As screenwriter Neil Gaiman tells the story, Mirrormask came about when Lisa Henson contacted him about creating a new movie in the mode of Labyrinth and The Dark Crystal—two Jim Henson fantasy features that failed at the box office but have reached family-classic on VHS and DVD. It seems appropriate, then, that Mirrormask feels so much like those two movies: episodic, detached, and lacking in drive, but packed with amazing, hallucinatory dream-imagery that makes real dreams look flat by comparison.


Stephanie Leonidas stars as a artistic teenager whose rebellion against her circus-performer parents has led her to become possibly the only girl in cinema history who wants to run away from the circus and join real life. The story doesn't make nearly enough of this twist, though, as when Leonidas' mother (Gina McKee) falls sick, Leonidas blames herself all the way out of real life and into a phantasmagorical vision out of her own artwork. There, a beautiful white queen (McKee again) lies in a coma, the victim of the treacherous daughter (Leonidas again) of the evil dark queen (McKee a third time). The symbolic value of all this lies oppressively over the story, as Leonidas sets out to save the mother-figure she loves and resist the one she resents, while her own snotty doppelgänger takes over her life, threatening to do more damage unless Leonidas can return to the surface. It's conceptually clever, but overly pat and heavy-handed. Still, it serves as an intricate frame for the CGI visuals created by Gaiman's frequent partner-in-creation Dave McKean, a visual artist best known for his vibrant collage covers to Gaiman's Sandman comics and for the densely lyrical comics series Cages.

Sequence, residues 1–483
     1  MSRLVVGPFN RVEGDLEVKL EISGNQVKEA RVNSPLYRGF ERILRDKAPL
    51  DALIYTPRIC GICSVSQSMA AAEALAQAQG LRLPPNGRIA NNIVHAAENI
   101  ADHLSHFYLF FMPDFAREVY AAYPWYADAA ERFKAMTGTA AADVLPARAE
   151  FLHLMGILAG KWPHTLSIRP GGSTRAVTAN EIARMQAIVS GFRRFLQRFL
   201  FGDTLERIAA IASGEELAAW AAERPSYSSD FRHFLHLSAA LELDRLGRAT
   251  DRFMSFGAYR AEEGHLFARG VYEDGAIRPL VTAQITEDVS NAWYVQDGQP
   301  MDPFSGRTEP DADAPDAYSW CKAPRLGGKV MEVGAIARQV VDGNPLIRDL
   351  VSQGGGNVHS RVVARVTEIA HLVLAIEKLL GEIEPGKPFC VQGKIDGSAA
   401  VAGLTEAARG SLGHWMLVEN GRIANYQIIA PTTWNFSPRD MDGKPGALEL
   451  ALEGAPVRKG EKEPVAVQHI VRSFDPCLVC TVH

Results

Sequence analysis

In his feature-directorial debut, McKean brings all the variety and complexity of his comics art to the screen, and the results are rarely less than gasp-inducing. The rich, layered colors, depth, and fine details of his fantasy world are amazing in their own right, but the bizarre characters—from two intertwined floating giants to a flock of vicious-looking little human-faced sphinxes—are breathtaking on a whole new scale. Like Labyrinth and The Dark Crystal, Mirrormask may feel a bit quaint and a bit stiff to adult audiences, but it needs to be seen on the big screen, then watched repeatedly on DVD. Like Henson's best work, it pushes emphatically at the boundaries of cinematic imagination, and makes itself a spectacular home on their furthest borders.